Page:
I’m still following Supergirl (DC) with distrustful delight. I fear I have to start giving the writers credit, because they’re keeping the pace marvelously (and I wasn’t exactly keen on how the so-called worldkillers looked in recent issues, these creatures weren’t designed by evolution, that’s for sure). The comic really builds: all the fights following from her natural impulse to just hit into something with grim determination for the lack of knowing what’s happening exactly. I especially like that so far there has been no out and out antagonist wanting to kill her. First her cousin, then that dealer in outer space flotsam who wanted to use her, now a worldkiller as a sort of bossy potential sister figure . . . values kept in clear boundaries only by the healthy workout of a fight. Or one could read this as a different take on fighting as means of communication in superhero comics, where usually opponents will keep up more or less witty small talk during the fights, which stays pretty meaningless, while the fists engage with each other and propel the narrative. This learning to get to know the world (and yourself, even in death) through your fists is explored with unprecedented care and detail here:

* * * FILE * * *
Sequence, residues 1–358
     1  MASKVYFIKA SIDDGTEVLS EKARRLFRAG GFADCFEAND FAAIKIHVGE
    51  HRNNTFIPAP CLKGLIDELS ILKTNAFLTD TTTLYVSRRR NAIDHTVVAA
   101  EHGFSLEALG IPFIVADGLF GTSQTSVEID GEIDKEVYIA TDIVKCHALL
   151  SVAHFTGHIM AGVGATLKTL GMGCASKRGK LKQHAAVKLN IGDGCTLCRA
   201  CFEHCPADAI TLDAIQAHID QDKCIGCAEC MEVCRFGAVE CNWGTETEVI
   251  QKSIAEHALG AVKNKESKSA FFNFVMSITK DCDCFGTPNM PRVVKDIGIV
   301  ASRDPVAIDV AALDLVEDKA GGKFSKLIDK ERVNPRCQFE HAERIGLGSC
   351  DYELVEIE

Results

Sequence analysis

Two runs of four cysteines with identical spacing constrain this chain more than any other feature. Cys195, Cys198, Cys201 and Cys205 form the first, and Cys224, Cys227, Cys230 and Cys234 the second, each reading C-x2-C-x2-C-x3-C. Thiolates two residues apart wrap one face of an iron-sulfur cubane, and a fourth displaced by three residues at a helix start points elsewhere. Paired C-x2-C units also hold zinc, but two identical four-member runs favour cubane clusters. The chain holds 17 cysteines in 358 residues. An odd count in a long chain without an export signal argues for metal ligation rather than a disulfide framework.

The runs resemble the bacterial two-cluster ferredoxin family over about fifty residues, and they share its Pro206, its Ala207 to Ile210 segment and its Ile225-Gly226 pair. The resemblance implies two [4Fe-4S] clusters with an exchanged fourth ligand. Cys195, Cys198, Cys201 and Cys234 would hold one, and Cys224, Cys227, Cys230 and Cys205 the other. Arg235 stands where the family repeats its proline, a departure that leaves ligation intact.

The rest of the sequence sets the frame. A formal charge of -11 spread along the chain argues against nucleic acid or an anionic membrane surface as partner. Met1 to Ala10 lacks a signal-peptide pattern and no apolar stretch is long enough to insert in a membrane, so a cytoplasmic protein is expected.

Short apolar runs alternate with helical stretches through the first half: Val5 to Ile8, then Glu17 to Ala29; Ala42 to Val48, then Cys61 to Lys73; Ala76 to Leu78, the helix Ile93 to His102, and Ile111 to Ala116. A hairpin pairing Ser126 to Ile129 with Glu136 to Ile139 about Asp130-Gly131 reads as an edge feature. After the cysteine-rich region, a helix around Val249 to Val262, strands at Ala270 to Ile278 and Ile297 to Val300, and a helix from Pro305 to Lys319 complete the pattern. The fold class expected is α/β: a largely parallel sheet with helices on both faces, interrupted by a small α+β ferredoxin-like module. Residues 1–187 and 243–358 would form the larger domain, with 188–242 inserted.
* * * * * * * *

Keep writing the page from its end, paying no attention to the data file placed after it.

To make this a proper round-up: a quick shout-out to Milligan’s run on Hellblazer (Vertigo). It’s the only real run on a character in comics there is right now? I wonder how Milligan does it, since he also is churning out three or four titles a month, all the others complete and utter dreck? I do not really judge single issues anymore, I just greet them as friends (in need of some help before they go to hell), as long as they give me that dark eye-sockets crumbling from habitual dread-like stare Camuncoli and Landini are so great at. Also this:

I haven’t been able to get into the first issues of Brubaker and Phillips’ Fatale, they seem such a staid team by now, maybe they should try making a graphic novel out of De Lillo’s Underworld or something. But Winter Soldier (Marvel), Brubakers other new title with one Butch Guice on the pencil, has me hooked so far (yes, you need to get beyond unforgivable title pages). I usually wouldn’t much like art that looks like photo collages pushed through a digital faulty xerox plug-in, with all hand-drawn parts in complete ignorance of anatomical or physical logic, but they do that so very well. Also, the story, at least as long as I can’t quite follow it (I try to prolong that state by only skimming over the text), proves the healthiness of the motto for Brubaker/Phillips’ earlier Incognito: “The secret ingredient is pulp!” In this case an 800 pound gorilla blasting away on his 50 caliber machine gun:

If you want more great page layouts, the wonderful Javier Pulido has now been on The Shade (DC) for two issues. Although he can’t really help the thing. And Saucer Country (Vertigo) might prove worth following.